I was not having a problem with sleepiness but stopping breathing while sleeping and the result was extremely low O2 levels. I have been doing the CPAP for more than 5 months with two different masks (and tried several other during initial fitting and followup) and find that the quality of my sleep is worse now than it was before. I frequently take afternoon naps because I am sleep, this is something I never did before I started doing a CPAP. I won't say I feel worse, but I certainly do not feel any better. Yes I am fed up and dislike doing the CPAP and hope to find some other means to fix my problem with the low O2.

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[-] DanM +1 point · over 1 year ago Sleep Enthusiast

@FaithfulCoffeeWildcat3239, have you considered speaking with your physician about other options for treating your sleep apnea? Depending on the severity of your diagnosis, you may be a candidate for an oral appliance, for example.

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[-] wiredgeorge +1 point · over 1 year ago Sleep Enthusiast

Dan is on the mark. I also stopped breathing for long periods but I was constantly dozing during the day as a result. The cause was low O2 levels. I think if you check your blood oxygen yourself you would be better served regarding an intelligent decision on what course of action to take. I have a blood oximeter that looks like a wrist watch and it can record O2 levels while I sleep. If your O2 levels are dropping too low, then the treatment isn't doing what it should and this is where a doc would come in and you could provide some relevant info that could steer any revised treatment. My O2 meter cost less than $100 and I bought it on eBay. It is fairly accurate and the software install on my PC was easy.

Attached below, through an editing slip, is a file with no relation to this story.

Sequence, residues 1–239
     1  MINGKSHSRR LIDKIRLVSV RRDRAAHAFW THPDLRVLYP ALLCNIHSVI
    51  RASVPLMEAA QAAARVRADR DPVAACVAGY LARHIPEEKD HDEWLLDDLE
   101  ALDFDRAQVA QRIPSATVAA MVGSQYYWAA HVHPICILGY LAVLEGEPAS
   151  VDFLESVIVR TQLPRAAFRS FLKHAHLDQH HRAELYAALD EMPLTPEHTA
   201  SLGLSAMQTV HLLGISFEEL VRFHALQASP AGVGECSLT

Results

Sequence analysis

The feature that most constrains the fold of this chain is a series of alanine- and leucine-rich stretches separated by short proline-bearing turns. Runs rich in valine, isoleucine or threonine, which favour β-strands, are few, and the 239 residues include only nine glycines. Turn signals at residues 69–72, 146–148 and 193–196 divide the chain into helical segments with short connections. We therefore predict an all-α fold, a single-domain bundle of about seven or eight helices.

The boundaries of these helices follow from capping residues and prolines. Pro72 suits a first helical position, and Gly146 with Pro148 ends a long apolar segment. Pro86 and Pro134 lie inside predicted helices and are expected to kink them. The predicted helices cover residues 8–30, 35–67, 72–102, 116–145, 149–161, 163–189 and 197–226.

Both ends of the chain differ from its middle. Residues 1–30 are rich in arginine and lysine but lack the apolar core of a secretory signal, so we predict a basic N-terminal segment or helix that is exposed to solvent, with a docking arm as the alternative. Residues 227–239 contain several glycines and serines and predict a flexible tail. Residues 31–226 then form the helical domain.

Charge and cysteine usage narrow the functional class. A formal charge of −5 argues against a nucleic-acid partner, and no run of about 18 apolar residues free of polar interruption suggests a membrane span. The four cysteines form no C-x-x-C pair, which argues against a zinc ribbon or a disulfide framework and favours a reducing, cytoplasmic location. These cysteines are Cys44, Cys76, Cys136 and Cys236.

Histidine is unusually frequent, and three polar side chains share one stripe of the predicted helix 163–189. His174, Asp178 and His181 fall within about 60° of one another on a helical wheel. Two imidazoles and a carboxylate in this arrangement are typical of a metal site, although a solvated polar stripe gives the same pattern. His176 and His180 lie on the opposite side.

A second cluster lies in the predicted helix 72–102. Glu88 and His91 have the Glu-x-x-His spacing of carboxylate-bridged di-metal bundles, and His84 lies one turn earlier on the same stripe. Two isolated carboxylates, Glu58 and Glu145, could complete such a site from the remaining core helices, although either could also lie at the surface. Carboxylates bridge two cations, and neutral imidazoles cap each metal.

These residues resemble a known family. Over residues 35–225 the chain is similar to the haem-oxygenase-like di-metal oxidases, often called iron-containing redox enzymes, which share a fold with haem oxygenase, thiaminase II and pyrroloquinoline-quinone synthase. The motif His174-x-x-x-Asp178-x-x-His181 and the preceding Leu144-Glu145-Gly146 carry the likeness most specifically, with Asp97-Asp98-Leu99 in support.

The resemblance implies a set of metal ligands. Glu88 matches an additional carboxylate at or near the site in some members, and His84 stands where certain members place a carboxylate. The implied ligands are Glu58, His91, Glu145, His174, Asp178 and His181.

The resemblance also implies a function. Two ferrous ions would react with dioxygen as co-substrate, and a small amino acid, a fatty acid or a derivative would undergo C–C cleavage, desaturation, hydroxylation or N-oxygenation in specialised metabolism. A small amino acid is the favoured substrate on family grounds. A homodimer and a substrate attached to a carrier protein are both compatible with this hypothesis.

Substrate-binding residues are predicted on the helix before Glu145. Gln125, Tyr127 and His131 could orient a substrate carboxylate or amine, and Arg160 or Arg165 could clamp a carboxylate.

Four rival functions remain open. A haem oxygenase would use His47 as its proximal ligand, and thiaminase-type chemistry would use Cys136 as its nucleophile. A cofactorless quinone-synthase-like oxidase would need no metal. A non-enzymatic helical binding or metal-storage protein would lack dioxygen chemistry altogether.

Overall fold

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[-] AmiablePurpleDragonfly0984 +0 points · 8 months ago

I have used my cpap mask and machine for 5 nites and it works. My wife says my snoring stopped and I feel great. Hope this advise helps others. Harvey

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[-] AffectionateLilacKomodoDragon1594 +0 points · 6 months ago

I have used my cpap machine for 5 month and do not feel an improvement. Is there a still a "benefit" if you do not feel any effect? Without the cpap machine my home O2 night levels do not dip below 90%

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[-] wiredgeorge +0 points · 6 months ago Sleep Enthusiast

AffectionateLilacKomodoDragon1594 - The key word in your post is "feel". This is kind of a subjective thing and one person who gets on therapy will have their own feeling vs another so it is hard to gauge what YOU are feeling or felt before therapy. I actually felt just fine before I started therapy where they found I had "moderate" OSA. The issue was that I stopped breathing for long periods and didn't wake up when I started breathing again with a gasp. My SPO (O2 level) dipped into the low 70s for a prolonged period. The daytime result of low blood oxygen was falling asleep at the drop of a hat during the day; often causing dangerous situations.

I think there can be two issues... one, your daytime lack of perceived benefit may be subjective; perhaps you just feel the way you do regauless of therapy. If your SPO didn't drop to unacceptable levels without CPAP then I can't imagine how you could tell much difference. Some folks claim to feel perky and alert in the mornings after therapy. I never felt perky but was pretty alert prior and today. The other thing that crosses my mind is that your therapy may not be working. Do you monitor AHI via some means? You may also have some other condition that is non-apnea related that contributes to the way you feel.

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[-] kong +0 points · 6 months ago

I have been on CPAP for many years. When I started, I read about people describing how their life was transformed by CPAP. So many people love their CPAP machines. I still don't love my CPAP machine. As far as I can tell, I don't feel any better as a result of using it. However, I use it because I care about my health. I have severe sleep apnea. I want to live a long, healthy life.

You'll also find many people who hate their CPAP machine and, as a result, don't use it. I don't feel that way.